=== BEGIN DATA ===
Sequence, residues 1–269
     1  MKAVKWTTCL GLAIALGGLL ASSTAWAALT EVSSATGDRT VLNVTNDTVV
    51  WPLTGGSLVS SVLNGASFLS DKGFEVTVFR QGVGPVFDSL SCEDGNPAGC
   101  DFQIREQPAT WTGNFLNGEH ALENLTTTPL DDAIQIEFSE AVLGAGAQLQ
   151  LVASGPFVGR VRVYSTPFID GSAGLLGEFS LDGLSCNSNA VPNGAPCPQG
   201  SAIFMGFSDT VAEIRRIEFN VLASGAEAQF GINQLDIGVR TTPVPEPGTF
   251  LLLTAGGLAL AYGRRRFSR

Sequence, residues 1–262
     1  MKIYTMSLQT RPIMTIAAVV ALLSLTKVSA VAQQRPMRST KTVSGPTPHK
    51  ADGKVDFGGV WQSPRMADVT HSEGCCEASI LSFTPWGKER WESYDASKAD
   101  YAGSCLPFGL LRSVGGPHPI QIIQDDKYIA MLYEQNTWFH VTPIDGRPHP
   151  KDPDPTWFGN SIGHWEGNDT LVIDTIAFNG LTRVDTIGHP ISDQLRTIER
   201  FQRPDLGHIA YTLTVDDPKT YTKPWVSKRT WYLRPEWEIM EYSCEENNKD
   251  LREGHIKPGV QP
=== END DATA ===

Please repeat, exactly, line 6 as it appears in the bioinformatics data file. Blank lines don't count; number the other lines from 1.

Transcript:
   201  SAIFMGFSDT VAEIRRIEFN VLASGAEAQF GINQLDIGVR TTPVPEPGTF